Starring: Shia LaBeouf, Carrie-Anee Moss, David Morse, Aaron Yoo, Jose Pablo Cantillo, Matt Craven
Director: D.J. Caruso
Who is Shia LaBeouf? Well, I thought he was a girl to be honest. Turns out he was in “Transformers”, “Constantine” and “I, Robot”. He seems to be a bit of a pin-up for the young girls and perhaps that’s why I’d never heard of him.
In “Disturbia” he plays the main protagonist, Kale, who, a year after losing his father in a tragic accident, gets in to a bit of trouble by punking out his goading Spanish teacher.
Because he’s under 18 a Judge puts him under house arrest, unable to leave the confines of his garden. Bored to tears, Kale spends his time eating junk food and playing video games until his mother, Julie (the MIA Carrie-Anne Moss), snips the TV power cord and cancels his internet game subscriptions. With time to pass Kale grabs his binoculars and takes up spying on his neighbours.
Maybe it’s Kale’s overactive imagination but one night he notices that neighbour Robert Turner (David Morse) drives a car that matches the description of a murder suspect’s car on a local news report. With suspicions aroused, he convinces his best friend Ronnie (Aaron Yoo) and next-door neighbour Ashley (Sarah Roemer) that something is going on. Although they are dismissive at first, further events lead them deeper in to the mystery. But things are complicated for Kale who wakes up one morning to find Robert in his kitchen, happily chatting to Julie.
With Officer Gutierrez (Jose Pablo Cantillo) eager to settle a score for his Spanish-teaching cousin, Julie becoming more and more disillusioned with her son’s selfish behaviour and Robert shooting some uneasy glares in Kale’s direction is the troubled teen biting off more than he can chew?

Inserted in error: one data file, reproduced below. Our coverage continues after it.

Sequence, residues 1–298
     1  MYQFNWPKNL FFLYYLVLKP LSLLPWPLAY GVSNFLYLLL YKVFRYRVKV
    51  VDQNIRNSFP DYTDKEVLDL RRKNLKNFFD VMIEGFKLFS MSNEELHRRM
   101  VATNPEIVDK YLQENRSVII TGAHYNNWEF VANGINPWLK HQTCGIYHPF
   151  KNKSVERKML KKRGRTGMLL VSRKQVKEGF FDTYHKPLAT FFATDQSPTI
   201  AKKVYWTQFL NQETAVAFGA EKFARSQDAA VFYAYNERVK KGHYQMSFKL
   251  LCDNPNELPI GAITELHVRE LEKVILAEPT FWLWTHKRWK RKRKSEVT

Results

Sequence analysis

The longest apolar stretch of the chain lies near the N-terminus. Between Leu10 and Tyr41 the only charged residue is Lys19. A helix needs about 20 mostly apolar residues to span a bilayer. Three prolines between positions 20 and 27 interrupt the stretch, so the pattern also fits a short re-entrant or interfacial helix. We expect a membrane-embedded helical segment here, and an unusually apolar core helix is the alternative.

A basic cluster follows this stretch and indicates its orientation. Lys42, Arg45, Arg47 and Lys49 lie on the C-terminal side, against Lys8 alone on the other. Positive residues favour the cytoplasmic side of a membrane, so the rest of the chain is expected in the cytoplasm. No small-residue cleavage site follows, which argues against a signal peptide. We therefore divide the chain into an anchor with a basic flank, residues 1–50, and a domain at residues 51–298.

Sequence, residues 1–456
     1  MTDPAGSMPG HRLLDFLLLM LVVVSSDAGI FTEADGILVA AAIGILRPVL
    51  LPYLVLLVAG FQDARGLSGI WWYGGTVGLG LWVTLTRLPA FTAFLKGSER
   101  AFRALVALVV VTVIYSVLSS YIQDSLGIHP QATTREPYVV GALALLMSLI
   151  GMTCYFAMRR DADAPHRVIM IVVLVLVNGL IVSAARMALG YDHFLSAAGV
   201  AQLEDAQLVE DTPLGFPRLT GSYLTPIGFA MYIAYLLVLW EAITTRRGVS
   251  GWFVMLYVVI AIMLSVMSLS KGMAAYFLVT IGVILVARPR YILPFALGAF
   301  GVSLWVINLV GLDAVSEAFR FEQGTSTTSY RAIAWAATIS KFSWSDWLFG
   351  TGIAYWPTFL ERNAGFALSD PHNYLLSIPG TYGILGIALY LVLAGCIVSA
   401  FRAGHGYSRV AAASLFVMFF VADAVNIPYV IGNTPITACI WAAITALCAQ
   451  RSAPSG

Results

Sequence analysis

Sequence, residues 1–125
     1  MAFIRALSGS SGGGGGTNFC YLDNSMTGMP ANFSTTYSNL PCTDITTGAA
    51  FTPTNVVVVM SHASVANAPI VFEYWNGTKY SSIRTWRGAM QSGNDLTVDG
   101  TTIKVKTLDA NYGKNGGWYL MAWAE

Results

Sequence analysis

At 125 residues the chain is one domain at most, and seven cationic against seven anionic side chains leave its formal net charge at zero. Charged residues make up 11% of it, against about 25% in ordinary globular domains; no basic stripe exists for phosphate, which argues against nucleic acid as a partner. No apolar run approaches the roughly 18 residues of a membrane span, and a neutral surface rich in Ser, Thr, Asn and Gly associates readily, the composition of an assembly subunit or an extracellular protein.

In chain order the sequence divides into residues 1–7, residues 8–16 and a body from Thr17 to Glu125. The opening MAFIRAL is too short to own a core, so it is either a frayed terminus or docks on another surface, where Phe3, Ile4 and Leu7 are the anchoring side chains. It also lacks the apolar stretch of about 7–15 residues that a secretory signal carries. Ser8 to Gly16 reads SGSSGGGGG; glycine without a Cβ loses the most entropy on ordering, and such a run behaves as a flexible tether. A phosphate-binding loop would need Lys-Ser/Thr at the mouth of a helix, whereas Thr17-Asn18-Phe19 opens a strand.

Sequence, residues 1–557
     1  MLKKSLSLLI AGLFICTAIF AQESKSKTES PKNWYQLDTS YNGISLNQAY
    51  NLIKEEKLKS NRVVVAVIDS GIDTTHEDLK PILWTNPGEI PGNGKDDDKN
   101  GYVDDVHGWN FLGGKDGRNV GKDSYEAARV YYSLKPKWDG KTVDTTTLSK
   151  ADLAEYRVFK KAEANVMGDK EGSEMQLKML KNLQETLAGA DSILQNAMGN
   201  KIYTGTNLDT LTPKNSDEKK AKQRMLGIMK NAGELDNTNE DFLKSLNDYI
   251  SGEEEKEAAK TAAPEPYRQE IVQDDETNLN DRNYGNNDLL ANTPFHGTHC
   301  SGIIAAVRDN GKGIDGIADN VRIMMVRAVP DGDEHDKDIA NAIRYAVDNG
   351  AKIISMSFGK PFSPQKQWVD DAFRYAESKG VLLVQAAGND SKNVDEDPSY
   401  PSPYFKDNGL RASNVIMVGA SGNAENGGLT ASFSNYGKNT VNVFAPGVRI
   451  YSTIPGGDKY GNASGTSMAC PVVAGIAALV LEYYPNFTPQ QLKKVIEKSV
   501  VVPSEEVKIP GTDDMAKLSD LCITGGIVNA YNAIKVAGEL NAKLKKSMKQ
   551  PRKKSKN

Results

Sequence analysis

“Disturbia” (directed by DJ Caruso who was also responsible for the five-star “Salton Sea”) can be firmly categorised as a teen thriller, carried by the emerging LaBeouf and Roemer and with a lightweight plot to boot. Think “Rear Window” with a lite-tech “Mission Impossible” edge and you’re almost there. The plot doesn’t really go for the twists and the few question marks there are can be quite easy to see through.
Having said that, it would be disingenuous of me to dismiss it out of hand. Caruso does his best with the material and directs effectively, certainly well enough for most 15-20 year olds to be entertained. They will also pull for the angsty LaBeouf and Roemer to get it on. For the older folk like me we can get a kick out of the always excellent David Morse (sporting a mini-mullet) and the beautiful Carrie-Anne Moss who seems way too young to play the mother of a 17 year old character.
Overall “Disturbia” is watchable fare but it will try the patience of those of us who think they are a bit old to relate to the teen romance storyline. Yeuck!